In 2016, I’d like to think that film finally became a respected format again that lives as its own individual medium. For the most part, that’s true in the artistic end of the photography world–but there are still those that associate it with being hipster, inadequate, and in no way superior to digital. Those beliefs couldn’t be any further from the truth. It’s a tougher medium to master (along with all the other analog mediums): but in today’s day and age there isn’t a single photographer whose entire career (all the way to the end of it) has been founded on and fully digital.

Film, instead, just reminds us of the absolute truth of photography: there are abysmal digital photographers and there are abysmal film photographers. Then there are those who excel no matter what medium they choose.

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Chris Gampat The Phoblographer Photojojo Iris Lens review product images (2 of 8)ISO 2001-60 sec at f - 2.8

In 2016, photographers have many different avenues and routes to reach their audience. There is Instagram, Facebook, Twitter, Tumblr, your blog, your website, etc. Each of them function like a little community with the sole goal of bringing attention back into you: the governing body. Each of them also have different purposes and may even attract different folks in the way that they function. But in that line of thought, each of them has to be inherently different too. Depending on the type of photographer you are, your Instagram shouldn’t be your website. If your Instagram has anything else besides portraiture, it’s going to confuse your potential clients and followers.

As it stands, an Instagram can’t really take the place of a dedicated website. To that end, your blog can’t either.

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All images by Jaroslav Wieczorkiewicz. Used with permission.

Photographer Jaroslav Wieczorkiewicz is world famous for lots of the work that he’s done. It started with the Milky Pinups, then the Splash Wars, and before all that was the Bamboo Forest. They’ve all used liquid and milk to create shapes and clothing on people. But now, he’s releasing a brand new series. It’s called Fallen Angels, and is being released in a Calendar for those interesting in purchasing it.

For Jaroslav, Fallen Angels has a very deep and personal importance. A couple of years back, his mother got breast cancer and she is still fighting it. But he also lost a lot of people who were very dear to him. “You can find in that set images related to my mother battle with breast cancer, cases of severe depression in my family, my gay friends that were moving from country to country to find their peace, soldiers coming home wounded from a warfares or simply my fear of constantly passing time.” says Jaroslav about the project. Fallen Angels is his personal ode to all of them.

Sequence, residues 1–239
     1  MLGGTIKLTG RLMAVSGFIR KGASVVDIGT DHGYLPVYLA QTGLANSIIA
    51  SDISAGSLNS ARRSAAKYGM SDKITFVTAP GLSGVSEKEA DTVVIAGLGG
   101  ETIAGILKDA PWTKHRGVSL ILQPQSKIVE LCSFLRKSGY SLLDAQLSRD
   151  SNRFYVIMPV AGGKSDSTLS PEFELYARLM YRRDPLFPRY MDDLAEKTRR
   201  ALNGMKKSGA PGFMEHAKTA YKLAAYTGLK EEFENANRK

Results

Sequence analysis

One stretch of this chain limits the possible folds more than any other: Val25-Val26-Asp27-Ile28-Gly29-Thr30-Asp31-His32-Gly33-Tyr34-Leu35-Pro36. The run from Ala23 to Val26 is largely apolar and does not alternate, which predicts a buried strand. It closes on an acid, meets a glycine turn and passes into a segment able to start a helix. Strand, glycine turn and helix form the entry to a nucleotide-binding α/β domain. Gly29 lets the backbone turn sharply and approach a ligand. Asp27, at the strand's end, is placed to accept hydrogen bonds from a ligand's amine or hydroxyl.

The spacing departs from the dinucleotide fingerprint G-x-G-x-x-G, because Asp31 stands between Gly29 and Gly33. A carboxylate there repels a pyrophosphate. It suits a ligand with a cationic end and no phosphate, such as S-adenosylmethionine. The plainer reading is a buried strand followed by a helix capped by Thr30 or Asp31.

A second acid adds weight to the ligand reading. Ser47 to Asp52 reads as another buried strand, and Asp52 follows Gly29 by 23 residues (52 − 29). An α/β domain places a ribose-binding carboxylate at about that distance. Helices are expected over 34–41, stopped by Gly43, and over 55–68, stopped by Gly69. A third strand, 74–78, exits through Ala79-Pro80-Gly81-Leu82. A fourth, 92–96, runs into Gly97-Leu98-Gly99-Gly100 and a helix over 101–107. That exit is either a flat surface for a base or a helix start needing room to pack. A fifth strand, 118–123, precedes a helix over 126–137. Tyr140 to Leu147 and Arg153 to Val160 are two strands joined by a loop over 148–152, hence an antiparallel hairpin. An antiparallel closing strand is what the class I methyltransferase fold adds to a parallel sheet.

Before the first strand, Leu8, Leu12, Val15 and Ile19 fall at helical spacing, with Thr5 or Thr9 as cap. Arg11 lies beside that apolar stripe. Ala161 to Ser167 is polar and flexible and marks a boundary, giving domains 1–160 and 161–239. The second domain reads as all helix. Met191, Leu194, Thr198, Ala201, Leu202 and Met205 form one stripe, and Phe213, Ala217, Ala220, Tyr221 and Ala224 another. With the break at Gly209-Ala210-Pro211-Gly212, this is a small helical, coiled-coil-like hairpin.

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Chris Gampat The Phoblographer Cinestill 800T sample photos (29 of 31)

For many years, photographers and instructors have always said that you need to go shoot during the golden hour. Lots of photographers still do whether it be street photography, portraits, landscapes, etc. The Golden Hour does something that can give your images a natural sunkissed look to them that yes, I’ll admit is beautiful when done just right.

But in all truthfulness, no one NEEDS the Golden Hour. Modern cameras, lenses and image editing software these days have such good technology that a great photo can be taken at any time.

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On Shooting from the Hip in Street Photography

chris gampat the phoblographer leica m9p review (3 of 15)

In the street photography world, there is a big debate that while seemingly frivolous, is worth talking about for ethical reasons. It involves photographers shooting from the hip: which many have done for years and produced incredible images while doing it. Their case: it helps them to get the images they need with a different perspective and while not disrupting what happens in front of them.

The other photographers need to bring the camera to their eyes to shoot. Their case: it helps them to get a better idea of what they’re shooting and also helps them develop a bit of a rapport with the subject. It also in some ways, makes them look less creepy to the general public.

And then there are some that say to use the viewfinder simply because of some unknown standard of being better than one another.